Thailand PM Prayut says he ‘can’t please everyone’

Thailand’s prime minster said he’s done his best and “can’t please everyone.” He also said he’ll respect the whatever voters decide in the upcoming election, regardless of the outcome. Speaking to the press at the Government House on Wednesday, PM Prayut Chan-o-chawith said…

“I am trying to do my job to the best of my ability. Despite criticism and insults against me, I hold no grudge against anyone… I cannot please everyone, but I have to act for the benefit of most people. If I have a chance, I will carry on. If not, I will just go back home. That’s all.”

Prayut also justified his Tuesday trip to Saphan Khao market, where he met with vendors, saying he wanted to mingle with the locals and boost their morale during time of “economic hardship” — not canvass to improve his public image before the next election.

“I told them I am doing all I can to help them. I know people are experiencing hardship and unhappiness. Therefore, as a prime minister, how can I be happy? I receive reports 24 hours every day. I also get information from social media. I know how people are suffering.”

Regarding the fallout from the Russian invasion of Ukraine, which has caused fuel prices to rise and compounded existing pressures from the pandemic, Prayut said…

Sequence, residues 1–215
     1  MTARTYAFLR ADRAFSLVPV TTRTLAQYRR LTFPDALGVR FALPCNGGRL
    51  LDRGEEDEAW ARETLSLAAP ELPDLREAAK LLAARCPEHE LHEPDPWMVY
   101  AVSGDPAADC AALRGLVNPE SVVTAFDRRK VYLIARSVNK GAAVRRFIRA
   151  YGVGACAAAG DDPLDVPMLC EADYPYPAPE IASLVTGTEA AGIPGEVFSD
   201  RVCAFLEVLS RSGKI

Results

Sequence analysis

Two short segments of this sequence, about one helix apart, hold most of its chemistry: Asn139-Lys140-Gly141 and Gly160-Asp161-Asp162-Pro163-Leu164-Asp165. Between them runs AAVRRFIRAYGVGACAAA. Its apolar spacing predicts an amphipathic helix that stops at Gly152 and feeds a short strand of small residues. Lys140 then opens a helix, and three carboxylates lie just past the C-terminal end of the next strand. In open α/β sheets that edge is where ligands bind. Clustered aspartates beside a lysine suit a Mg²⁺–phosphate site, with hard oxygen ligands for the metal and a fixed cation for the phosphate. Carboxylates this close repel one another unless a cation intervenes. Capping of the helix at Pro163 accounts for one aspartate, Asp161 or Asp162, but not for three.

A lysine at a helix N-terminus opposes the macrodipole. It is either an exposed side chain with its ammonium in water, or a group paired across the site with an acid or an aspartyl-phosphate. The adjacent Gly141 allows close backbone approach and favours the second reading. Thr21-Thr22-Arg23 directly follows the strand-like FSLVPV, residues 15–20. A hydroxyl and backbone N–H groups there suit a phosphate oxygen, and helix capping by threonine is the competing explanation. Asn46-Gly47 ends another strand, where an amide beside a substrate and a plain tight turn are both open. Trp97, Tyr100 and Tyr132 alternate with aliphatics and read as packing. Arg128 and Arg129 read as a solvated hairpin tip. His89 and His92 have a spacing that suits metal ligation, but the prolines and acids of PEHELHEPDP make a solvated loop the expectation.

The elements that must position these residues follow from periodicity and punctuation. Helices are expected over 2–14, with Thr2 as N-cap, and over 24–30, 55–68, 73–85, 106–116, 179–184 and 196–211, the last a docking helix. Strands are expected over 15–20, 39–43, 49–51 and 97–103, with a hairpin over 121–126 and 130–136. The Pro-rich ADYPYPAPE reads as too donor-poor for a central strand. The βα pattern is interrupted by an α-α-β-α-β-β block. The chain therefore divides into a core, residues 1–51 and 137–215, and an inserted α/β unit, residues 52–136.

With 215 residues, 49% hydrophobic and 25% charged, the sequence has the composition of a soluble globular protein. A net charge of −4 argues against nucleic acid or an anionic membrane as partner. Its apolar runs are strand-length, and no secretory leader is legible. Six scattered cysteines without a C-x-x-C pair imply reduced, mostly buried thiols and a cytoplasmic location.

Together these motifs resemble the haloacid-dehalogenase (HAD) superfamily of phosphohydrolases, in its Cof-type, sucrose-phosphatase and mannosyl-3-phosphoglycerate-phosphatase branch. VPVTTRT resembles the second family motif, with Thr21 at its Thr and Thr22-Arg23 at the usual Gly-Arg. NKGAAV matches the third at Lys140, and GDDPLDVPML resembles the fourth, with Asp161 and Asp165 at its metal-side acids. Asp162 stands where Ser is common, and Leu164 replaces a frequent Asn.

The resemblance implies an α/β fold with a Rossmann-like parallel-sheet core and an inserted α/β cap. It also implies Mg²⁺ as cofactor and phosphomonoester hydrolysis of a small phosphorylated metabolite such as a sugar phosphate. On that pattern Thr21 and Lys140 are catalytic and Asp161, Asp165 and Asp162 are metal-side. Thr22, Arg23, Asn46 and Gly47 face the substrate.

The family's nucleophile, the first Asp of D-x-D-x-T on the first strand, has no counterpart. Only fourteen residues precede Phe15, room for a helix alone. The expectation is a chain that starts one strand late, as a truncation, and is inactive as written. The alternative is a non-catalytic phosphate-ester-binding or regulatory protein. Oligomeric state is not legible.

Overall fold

“The government is trying to tackle problems, though we may not yet achieve 100% of our goals and not everyone is satisfied with it. But we have to admit that the crisis is unprecedented. This must be taken into account and the government should be given fair treatment.”

Earlier this week, Prayut dismissed the National Institute of Development Administration’s recent poll results of potential candidates in the country, which were announced on Sunday. The NIDA poll showed that the incumbent PM’s popularity is fading. Prayut insisted he’s done a good job and so has the government under his leadership. But the voting public appear to think otherwise.

According to the poll for the post oof prime minister, Prayut was outpolled by Pita Limjaroenrat, leader of the Move Forward Party, by 13.42% to 12.67%. The incumbent PM’s popularity had already sat at less than 17% in December, while nearly 28% of voters indicated that none of the names on the list were well suited for the job of leading the country.

Meanwhile, Prayut will continuing his non-canvassing campaign, saying he’ll visit more people to give them moral support — whether they like him or not. And he intends to show up unannounced, kind of like Santa Claus, but without the gifts, and instead of reindeer, bodyguards…

“I am not doing everything just for the sake of canvassing for votes. Problems often arise if such a visit is declared in advance. Therefore, I have to find a chance to visit myself. But I also have to heed advice from officials responsible for security arrangements.”

SOURCE: Bangkok Post


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